Even when I had reservations about most of Woody Allen’s films in recent decades, and came to realize how his limitations as a person and an artist were gradually dominating his work, I never thought a movie of his would descend to the triviality of “A Rainy Day in New York.”
In a sense, this triviality actually made it easier to watch the 49th film by the 83-year-old director, which was released over the weekend in Israel. That’s because if his two previous films – “Café Society” and “Wonder Wheel” – like most of their predecessors caused frustration due to the gap between an impetuous intention and its botched fulfillment, the 92 minutes of his latest effort pass quickly without stirring a reaction – except for surprise.
If “A Rainy Day in New York” aspires to be a situation comedy, the situations lack any comical element. If it intends to be a romantic comedy, the blend of the comic and the romantic seems forced and lacks any stable basis in the script.
In Allen’s long career, has there ever been a scene as forced and illogical as the one toward the end between the young protagonist (Timothée Chalamet) and his mother (Cherry Jones) in which a revelation is supposed to change their relationship for the better? In all of Allen’s work, has there ever been a worse-written scene than the one where the character played by Jude Law discovers that his wife (Rebecca Hall) is cheating on him with his best friend, and he confronts her in the street?
If “A Rainy Day in New York” was angling to be another love ballad by Allen to Manhattan, even when the sky above is dark with rain, it seems this time Woody’s Manhattan is more a La La Land. It exists only in the nostalgia that floods Allen’s consciousness, even if the film takes place in the present.
Allen’s movie won’t be screened in Manhattan, along with the rest of the United States. The reasons for this have been widely reported, beginning with Amazon Studios’ dropping of the film amid renewed complaints by Dylan and Ronan Farrow about their stepfather’s alleged abuse of Dylan when she was 7. Then there’s Chalamet’s ensuing decision to donate his salary from the film to three organizations that help victims of sexual harassment.
While watching the movie it’s impossible to ignore all this, or the #MeToo movement; it’s impossible not to wonder how Allen included a moment where Chalemet tries to figure out why young women tend to be attracted to older men.
If “A Rainy Day in New York” had been a better movie, would I have been able to forget all this and discuss the film like any other? That question will remain open, because Allen’s new film is really not good.
The movie tells the story of two students in a relationship at a fictitious college in New York State. He is Gatsby Welles (Chalemet), the son of a very wealthy and distinguished family, and she is Ashleigh Enright (Elle Fanning), who hails from Arizona. He, a pensive young man, has yet to decide what he wants to do in life, and she’s a cascade of incessant optimism. If I were forced to spend 15 minutes in her effervescent company, I’d bolt.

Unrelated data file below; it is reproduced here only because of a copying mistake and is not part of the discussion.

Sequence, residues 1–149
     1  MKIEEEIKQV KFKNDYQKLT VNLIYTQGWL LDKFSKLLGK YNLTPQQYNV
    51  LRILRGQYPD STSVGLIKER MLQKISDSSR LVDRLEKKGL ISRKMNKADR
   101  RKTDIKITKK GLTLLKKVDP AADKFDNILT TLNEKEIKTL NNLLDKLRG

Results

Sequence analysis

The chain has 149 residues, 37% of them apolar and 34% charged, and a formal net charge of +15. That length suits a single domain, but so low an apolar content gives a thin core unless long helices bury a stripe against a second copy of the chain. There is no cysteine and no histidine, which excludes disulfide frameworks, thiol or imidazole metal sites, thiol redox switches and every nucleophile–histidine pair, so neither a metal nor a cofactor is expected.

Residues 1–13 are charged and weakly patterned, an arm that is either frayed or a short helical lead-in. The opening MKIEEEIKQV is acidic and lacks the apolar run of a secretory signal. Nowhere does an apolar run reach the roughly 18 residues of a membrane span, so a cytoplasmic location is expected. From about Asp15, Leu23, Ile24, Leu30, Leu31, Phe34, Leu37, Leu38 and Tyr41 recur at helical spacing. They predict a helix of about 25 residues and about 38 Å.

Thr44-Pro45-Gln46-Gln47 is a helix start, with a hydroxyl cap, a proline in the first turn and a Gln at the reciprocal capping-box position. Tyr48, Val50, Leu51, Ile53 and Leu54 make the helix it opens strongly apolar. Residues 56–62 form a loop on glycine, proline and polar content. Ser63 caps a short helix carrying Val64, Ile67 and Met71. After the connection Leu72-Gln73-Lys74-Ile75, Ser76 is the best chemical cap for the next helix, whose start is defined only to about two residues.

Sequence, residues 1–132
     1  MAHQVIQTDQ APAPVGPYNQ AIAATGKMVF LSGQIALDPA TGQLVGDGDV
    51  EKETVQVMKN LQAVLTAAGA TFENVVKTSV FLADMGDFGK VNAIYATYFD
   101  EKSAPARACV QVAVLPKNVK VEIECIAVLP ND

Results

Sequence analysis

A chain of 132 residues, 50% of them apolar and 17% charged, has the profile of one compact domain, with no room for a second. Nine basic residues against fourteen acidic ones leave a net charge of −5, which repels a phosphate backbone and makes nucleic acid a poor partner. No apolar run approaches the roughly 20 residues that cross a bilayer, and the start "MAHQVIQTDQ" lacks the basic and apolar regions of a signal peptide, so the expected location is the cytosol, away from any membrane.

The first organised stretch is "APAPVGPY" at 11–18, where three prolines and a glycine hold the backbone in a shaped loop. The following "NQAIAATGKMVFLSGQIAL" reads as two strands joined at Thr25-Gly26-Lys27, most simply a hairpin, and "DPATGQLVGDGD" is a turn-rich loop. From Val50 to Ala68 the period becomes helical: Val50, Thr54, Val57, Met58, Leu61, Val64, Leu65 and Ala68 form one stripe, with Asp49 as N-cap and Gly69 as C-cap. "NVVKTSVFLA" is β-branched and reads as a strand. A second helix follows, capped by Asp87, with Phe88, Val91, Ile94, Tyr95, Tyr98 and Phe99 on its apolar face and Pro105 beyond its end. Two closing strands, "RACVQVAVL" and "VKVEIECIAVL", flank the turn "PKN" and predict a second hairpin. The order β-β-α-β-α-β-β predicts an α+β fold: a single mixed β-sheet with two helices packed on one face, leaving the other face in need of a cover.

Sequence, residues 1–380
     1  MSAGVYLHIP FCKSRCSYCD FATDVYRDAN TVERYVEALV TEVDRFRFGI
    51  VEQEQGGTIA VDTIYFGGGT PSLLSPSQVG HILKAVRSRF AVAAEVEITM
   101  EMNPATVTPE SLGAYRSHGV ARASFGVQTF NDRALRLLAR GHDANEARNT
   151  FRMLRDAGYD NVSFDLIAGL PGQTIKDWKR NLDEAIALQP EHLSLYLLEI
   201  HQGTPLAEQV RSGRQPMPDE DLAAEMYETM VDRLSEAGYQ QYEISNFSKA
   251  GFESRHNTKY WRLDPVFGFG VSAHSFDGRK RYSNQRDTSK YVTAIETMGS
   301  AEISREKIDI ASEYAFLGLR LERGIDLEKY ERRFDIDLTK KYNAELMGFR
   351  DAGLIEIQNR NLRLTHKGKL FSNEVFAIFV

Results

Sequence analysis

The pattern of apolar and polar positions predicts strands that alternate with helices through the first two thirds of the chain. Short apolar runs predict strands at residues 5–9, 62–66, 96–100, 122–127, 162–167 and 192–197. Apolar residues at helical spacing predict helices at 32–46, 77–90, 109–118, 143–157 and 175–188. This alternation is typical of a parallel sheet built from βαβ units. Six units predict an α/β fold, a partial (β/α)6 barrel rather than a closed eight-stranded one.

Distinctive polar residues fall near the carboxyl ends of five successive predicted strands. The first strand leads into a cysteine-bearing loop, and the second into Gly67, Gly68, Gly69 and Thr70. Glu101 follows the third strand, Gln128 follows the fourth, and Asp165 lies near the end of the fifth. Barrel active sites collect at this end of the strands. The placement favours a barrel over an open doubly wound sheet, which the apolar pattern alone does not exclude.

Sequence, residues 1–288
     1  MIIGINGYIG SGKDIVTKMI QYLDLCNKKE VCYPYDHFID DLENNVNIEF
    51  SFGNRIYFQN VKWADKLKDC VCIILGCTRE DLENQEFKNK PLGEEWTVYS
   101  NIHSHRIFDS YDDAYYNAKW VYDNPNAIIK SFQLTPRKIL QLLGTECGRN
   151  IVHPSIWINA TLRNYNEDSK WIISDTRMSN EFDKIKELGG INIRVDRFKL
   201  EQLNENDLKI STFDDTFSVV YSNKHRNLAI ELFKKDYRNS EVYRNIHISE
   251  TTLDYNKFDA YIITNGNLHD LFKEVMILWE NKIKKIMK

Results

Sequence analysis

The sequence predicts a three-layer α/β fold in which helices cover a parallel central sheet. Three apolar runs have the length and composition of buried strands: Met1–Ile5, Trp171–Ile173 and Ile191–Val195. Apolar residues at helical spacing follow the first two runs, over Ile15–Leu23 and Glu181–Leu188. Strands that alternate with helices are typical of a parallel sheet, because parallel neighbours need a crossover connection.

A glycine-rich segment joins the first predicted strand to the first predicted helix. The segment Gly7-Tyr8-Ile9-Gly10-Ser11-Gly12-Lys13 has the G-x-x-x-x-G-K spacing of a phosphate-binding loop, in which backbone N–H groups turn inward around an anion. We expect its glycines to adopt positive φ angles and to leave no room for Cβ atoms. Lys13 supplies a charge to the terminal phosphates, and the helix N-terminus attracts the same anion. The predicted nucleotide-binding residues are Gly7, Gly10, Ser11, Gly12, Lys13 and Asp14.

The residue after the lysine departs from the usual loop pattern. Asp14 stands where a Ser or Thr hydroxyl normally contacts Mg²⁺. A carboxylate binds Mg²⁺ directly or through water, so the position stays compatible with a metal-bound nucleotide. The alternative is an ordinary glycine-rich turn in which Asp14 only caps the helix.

Is it reasonable to assume that a distinguished New York family would name their son after Jay Gatsby, F. Scott Fitzgerald’s enigmatic, marginally criminal hero? And if so, what’s the connection?
And why Welles of all the last names that could have been given to the lead role? Again, what’s the connection, except for the fact that Gatsby and Ashleigh are young people who exist without social media and contemporary cinema and music?
Ashleigh’s favorite director is Akira Kurosawa, and Gatsby lives in a world of classic Hollywood movies. Who are these two young people? Do they exist solely in the imagination of Woody Allen and represent some dream he has of a world that doesn’t exist?
Ashleigh works as a reporter for the college newspaper, and she goes into a frenzy when she has an opportunity to interview Roland Pollard, one of the greatest American directors, upon the release of his new film. Why a major director would give an interview to a cub reporter for a college newspaper is a question the movie doesn’t address.
The interview is supposed to take place in a Manhattan hotel over the weekend, and Gatsby and Ashleigh travel to Manhattan together so that after the interview the city slicker can present the wonders of his town to the child of the wilderness. In one of the film's only successful comic moments, one character asks Gatsby: What do you guys talk about? Cactuses?
“A Rainy Day in New York” is so anachronistic that its very anachronism could have provided some degree of charm. But the film fails on this point, and the result seems to have surfaced from another planet where Woody Allen is the only inhabitant. This planet recedes ever further with every movie he makes.
“A Rainy Day in New York.” Written and directed by Woody Allen; Cinematography: Vittorio Storaro; Editing: Alisa Lepselter
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